Volunteers work, learn on Trails Day

Before the Saturday morning bustle had a chance to begin, volunteer teams with the 17th annual Trails Day had already embarked to the Kachemak Bay State Park from Homer to tackle nine different trail clearing and building projects. In spite of the drizzling showers, all 79 local and visiting volunteers who signed up showed up.

This year’s projects included a beach cleanup at the Glacier Spit, a latrine installation on Chugachik Island, and brush clearing and trail maintenance on the Sadie Knob Trail and the North Lagoon Trail, which starts at the Alpine Ridge Trail and terminates at the Ranger Station in Halibut Cove Lagoon. 

A new method of transport for this year’s Trails Day was provided by Beluga Air, which dropped off six volunteers at the China Poot Lake for another trail clearing operation, an opportunity which “people jumped on,” said main transportation organizer Mako Haggerty. 

A family hike guided by Ed Berg, U.S. Fish and Wildlife Service retiree, was offered among the Trails Day activities. From the Spit Trailhead to the Saddle Trailhead, Berg, who currently teaches geology at Kachemak Bay Campus, Kenai Peninsula College-University of Alaska Anchorage, highlighted the edible, medicinal and poisonous trailside plants and briefed the group on the geologic history of the area.

“I’m a great believer in trying to get kids into the outdoors studying nature as early as possible,” said Berg. He said the handful of attending toddlers and kids were the youngest he’s ever hosted on the family hike.  

Becky Ingram introduced her 19-month-old daughter Hadley to the trail along with her 4-year-old son Landis. 

“She did great, she was keeping right along,” said Ingram of her daughter. 

Cathy and Kevin Wilmeth weren’t about to leave behind their daughters, Sabre, 5, and Dee, 2, who they said have been hiking on trails since they could walk.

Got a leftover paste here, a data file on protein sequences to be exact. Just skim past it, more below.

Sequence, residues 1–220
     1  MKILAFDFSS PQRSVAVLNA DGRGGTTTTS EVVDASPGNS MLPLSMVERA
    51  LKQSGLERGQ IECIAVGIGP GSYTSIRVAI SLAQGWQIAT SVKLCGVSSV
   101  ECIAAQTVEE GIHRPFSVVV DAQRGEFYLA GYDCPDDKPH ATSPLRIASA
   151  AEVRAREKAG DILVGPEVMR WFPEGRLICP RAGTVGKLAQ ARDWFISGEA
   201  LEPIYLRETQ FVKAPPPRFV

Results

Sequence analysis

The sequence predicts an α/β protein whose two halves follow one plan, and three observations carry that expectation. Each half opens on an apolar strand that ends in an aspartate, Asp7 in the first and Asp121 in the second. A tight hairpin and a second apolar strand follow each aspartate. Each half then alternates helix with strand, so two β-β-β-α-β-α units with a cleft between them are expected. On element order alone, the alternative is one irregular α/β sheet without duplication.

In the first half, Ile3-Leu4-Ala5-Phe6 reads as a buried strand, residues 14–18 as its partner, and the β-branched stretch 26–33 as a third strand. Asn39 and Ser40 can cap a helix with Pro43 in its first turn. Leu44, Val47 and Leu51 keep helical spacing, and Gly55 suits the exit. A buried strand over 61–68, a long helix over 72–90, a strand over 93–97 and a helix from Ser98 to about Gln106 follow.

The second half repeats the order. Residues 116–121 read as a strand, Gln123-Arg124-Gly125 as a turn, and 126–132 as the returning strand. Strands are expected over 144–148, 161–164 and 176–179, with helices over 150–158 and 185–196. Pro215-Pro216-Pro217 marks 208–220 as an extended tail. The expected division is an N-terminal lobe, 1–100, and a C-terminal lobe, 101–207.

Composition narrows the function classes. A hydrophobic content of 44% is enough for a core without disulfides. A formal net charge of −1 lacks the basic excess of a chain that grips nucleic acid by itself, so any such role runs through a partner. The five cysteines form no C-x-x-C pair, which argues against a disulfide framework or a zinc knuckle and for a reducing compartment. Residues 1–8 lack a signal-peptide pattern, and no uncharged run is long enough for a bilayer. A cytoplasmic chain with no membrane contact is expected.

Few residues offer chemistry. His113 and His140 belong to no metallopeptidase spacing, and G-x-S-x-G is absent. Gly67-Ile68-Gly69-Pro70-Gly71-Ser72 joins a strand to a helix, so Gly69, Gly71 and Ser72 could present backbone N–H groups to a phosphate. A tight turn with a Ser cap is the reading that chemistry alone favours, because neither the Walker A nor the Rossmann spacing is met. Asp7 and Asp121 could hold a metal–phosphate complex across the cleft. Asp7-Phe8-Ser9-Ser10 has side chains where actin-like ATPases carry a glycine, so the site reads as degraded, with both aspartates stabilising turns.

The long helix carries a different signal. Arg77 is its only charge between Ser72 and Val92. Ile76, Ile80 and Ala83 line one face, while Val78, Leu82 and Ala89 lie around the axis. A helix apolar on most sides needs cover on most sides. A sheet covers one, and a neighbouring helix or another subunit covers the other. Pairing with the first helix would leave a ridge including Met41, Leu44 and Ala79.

Roger McCampbell, chief ranger for the South Kenai district, and Eric Clarke surveyed the park in preparation for the event. They then requested a quota of public volunteers needed to complete each project and assigned workers and volunteer leaders from the Alaska State Park trail maintenance crew to lead each group. 

Main organizers Dorothy Melambianakis, Melisse Reichman and Haggerty applauded Homer Wilderness Leaders, or HoWL, for their involvement in this year’s Trails Day. The HoWL headquarters office was the central location of Trails Day registration and played a key role in the organization and smooth operation, Haggerty said. 

“In fact, an argument can be made that (HoWL) worked harder than anyone,” said Haggerty. 

Trails Day, which coincides with National Trails Day, originally sparked from an idea McCampbell had and with the support of the Kachemak Bay State Park Citizen Advisory Board the annual event began in 1997. Soon after, the Friends of Kachemak Bay State Park was established and took over running the event.  

Water transportation across the bay was provided for a minimal fee of $20 per person. Quick Silver, Homer Ocean Charters, Mako’s Water Taxi, Ashore Water Taxi, Red Mountain Marine, True North, Bay Excursions and Bay Roamer were thanked by the organizers for their participation and donated time. 

Shannon Reid is a freelance writer who lives in Homer.